It depends. Many dental plans don’t cover braces or orthodontic work. So, if that’s a chief reason you’re looking for coverage, you’ll want to shop around to find a plan that has that. And you’ll want to read the details of that plan carefully.

Dental insurance for braces

What’s the best dental insurance for me? What types are available?

There are three basic types: Dental HMOs, Dental PPOs and Dental Indemnity plans. To find the best one for you and your loved ones, you should consider what your most important deciding factors are (for example, cost, keeping your dentist, flexibility) and look at dental plans that suit your needs.

Key characteristics of the three basic types:

Dental HMOs:

HMO stands for Health Maintenance Organization. If you participate in a Dental HMO, you generally have

  • Lower premiums than either a Dental PPO or an Indemnity plan
  • No annual maximum to the benefits the plan will pay
  • A restricted network of dentists and dental providers
  • No benefits for going to out-of-network dentists or providers
  • A list of copays (standard costs) you will spend for office visits and specific dental services

Dental PPOs:

PPO stands for Preferred Provider Organization. If you choose a Dental PPO, you can expect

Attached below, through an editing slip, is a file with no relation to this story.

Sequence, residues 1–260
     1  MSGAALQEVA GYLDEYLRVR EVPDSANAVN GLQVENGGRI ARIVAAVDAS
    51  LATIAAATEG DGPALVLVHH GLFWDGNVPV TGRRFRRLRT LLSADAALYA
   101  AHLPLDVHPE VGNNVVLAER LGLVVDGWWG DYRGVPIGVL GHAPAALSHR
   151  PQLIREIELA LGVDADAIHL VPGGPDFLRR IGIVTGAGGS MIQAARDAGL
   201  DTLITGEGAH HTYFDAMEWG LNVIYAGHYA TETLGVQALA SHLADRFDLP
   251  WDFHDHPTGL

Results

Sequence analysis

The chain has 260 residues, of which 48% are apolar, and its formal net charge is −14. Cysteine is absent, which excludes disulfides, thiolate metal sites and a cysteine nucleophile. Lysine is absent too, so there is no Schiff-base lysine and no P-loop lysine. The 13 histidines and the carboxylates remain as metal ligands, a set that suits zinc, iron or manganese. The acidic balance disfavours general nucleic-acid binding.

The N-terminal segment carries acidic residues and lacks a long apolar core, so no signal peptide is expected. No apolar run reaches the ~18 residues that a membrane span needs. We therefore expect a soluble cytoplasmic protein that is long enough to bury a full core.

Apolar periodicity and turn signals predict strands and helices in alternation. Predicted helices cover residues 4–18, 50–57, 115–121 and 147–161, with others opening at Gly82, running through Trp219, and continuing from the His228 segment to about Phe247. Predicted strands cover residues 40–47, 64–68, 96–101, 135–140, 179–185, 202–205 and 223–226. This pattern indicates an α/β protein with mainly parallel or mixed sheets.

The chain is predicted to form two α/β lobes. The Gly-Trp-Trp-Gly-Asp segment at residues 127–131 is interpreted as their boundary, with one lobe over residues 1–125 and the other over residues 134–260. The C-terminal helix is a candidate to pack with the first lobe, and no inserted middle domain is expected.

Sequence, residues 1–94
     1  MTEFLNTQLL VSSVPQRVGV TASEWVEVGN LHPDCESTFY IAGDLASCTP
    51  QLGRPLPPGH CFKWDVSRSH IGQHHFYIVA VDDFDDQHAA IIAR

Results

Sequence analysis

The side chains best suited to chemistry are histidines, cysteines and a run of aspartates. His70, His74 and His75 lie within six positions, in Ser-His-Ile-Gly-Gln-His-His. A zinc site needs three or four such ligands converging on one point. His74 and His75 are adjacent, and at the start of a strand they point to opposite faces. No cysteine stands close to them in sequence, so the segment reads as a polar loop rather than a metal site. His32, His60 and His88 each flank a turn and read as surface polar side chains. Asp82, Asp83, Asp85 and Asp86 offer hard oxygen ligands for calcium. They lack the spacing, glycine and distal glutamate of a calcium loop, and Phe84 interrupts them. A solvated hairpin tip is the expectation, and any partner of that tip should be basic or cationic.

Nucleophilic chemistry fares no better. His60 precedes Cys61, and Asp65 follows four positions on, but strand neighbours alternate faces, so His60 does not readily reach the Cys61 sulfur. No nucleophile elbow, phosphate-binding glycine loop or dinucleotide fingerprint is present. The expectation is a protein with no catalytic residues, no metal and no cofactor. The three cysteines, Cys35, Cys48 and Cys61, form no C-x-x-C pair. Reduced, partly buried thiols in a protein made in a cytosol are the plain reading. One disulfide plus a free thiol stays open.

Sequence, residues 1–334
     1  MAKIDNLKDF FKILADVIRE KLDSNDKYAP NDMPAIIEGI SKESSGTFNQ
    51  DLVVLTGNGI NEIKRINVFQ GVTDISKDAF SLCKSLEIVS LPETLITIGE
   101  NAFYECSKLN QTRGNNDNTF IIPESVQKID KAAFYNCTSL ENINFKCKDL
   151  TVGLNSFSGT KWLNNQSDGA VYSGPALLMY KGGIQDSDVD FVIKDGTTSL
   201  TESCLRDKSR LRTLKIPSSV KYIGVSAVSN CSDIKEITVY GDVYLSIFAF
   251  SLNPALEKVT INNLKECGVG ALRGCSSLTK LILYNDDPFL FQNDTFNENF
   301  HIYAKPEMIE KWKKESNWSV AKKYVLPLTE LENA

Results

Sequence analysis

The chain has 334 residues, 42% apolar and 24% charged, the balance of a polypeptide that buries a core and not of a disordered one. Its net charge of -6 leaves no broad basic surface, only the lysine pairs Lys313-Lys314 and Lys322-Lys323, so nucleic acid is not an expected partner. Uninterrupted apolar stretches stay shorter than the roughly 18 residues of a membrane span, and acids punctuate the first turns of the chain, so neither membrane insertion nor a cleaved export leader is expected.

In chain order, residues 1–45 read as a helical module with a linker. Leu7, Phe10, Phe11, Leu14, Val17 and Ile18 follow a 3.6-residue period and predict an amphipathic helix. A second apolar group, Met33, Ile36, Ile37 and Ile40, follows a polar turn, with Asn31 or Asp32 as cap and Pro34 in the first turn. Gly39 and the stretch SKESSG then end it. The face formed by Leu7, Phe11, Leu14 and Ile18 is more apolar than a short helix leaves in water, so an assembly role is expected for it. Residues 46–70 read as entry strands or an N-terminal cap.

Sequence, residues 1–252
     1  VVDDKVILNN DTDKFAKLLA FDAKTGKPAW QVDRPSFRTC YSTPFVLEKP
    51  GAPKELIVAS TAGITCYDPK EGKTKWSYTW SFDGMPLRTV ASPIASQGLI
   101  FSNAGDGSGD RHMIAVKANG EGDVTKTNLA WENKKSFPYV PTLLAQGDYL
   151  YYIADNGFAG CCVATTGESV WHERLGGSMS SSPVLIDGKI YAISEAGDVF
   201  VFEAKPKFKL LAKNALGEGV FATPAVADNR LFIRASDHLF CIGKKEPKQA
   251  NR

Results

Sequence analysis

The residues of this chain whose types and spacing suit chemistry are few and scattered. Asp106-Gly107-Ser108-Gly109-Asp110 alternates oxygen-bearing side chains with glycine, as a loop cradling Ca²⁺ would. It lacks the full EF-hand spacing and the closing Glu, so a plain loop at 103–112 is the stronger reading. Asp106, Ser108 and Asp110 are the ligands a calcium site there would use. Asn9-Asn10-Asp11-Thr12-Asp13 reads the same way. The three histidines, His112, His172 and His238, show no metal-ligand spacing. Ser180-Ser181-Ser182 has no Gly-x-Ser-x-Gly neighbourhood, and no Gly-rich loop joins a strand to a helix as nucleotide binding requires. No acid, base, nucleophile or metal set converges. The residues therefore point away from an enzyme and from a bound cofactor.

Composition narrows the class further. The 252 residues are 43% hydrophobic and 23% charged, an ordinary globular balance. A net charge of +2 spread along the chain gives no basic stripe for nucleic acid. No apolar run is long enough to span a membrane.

• Higher premiums than a Dental HMO
  • An annual maximum to your benefits (often $1,000, but it varies by plan)
  • A network of dentists or providers that have agreed to offer discounted services and that you can choose to use to save money
  • Some benefits paid to out-of-network dentists or providers you might choose to go to instead
  • A list of the percent the insurance company will pay for different dental services. (For example, many Dental PPOs cover 100% of preventive services like exams and cleanings but may pay only 50% for major expenses like crowns or bridges.)

Dental Indemnity plans:

This is traditional fee-for-service insurance, offering the most freedom of choice. You can expect

  • Higher premiums than either a Dental HMO or Dental PPO
  • An annual maximum to your benefits
  • A small deductible you have to meet
  • No network of providers, meaning you get the same benefits with any dentist you choose (but also meaning there are no network-negotiated discounts on dental services)
  • A list of the percent the insurance company will pay for different dental services, just like with Dental PPOs

Can I keep my dentist?

Short answer: Yes. Long answer: To get the most value out of your dental plan, confirm your dentist is in your plan’s network before you buy. In-network dentists agree to lower rates on their dental services, so you’ll save more by staying in-network.

Find a Dentist